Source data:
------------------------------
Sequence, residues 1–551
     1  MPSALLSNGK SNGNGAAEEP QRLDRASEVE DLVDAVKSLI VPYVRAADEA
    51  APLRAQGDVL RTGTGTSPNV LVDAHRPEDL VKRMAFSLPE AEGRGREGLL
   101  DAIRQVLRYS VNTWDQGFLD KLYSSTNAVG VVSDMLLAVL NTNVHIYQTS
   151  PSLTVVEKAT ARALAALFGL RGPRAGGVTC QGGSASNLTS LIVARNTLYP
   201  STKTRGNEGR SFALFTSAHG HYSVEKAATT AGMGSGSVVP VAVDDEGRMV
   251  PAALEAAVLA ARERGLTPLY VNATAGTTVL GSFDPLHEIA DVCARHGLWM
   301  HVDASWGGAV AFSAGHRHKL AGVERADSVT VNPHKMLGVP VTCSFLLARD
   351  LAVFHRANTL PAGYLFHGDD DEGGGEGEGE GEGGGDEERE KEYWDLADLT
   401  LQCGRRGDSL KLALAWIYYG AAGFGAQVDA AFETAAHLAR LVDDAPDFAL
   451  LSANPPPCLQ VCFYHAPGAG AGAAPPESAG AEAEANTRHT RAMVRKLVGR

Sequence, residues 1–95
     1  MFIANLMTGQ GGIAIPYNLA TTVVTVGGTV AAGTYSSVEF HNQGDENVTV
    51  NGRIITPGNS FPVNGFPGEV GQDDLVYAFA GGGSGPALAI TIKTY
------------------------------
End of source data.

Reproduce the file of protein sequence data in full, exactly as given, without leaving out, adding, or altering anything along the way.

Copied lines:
Sequence, residues 1–551
     1  MPSALLSNGK SNGNGAAEEP QRLDRASEVE DLVDAVKSLI VPYVRAADEA
    51  APLRAQGDVL RTGTGTSPNV LVDAHRPEDL VKRMAFSLPE AEGRGREGLL
   101  DAIRQVLRYS VNTWDQGFLD KLYSSTNAVG VVSDMLLAVL NTNVHIYQTS
   151  PSLTVVEKAT ARALAALFGL RGPRAGGVTC QGGSASNLTS LIVARNTLYP
   201  STKTRGNEGR SFALFTSAHG HYSVEKAATT AGMGSGSVVP VAVDDEGRMV
   251  PAALEAAVLA ARERGLTPLY VNATAGTTVL GSFDPLHEIA DVCARHGLWM
   301  HVDASWGGAV AFSAGHRHKL AGVERADSVT VNPHKMLGVP VTCSFLLARD
   351  LAVFHRANTL PAGYLFHGDD DEGGGEGEGE GEGGGDEERE KEYWDLADLT
   401  LQCGRRGDSL KLALAWIYYG AAGFGAQVDA AFETAAHLAR LVDDAPDFAL
   451  LSANPPPCLQ VCFYHAPGAG AGAAPPESAG AEAEANTRHT RAMVRKLVGR

Sequence, residues 1–95
     1  MFIANLMTGQ GGIAIPYNLA TTVVTVGGTV AAGTYSSVEF HNQGDENVTV
    51  NGRIITPGNS FPVNGFPGEV GQDDLVYAFA GGGSGPALAI TIKTY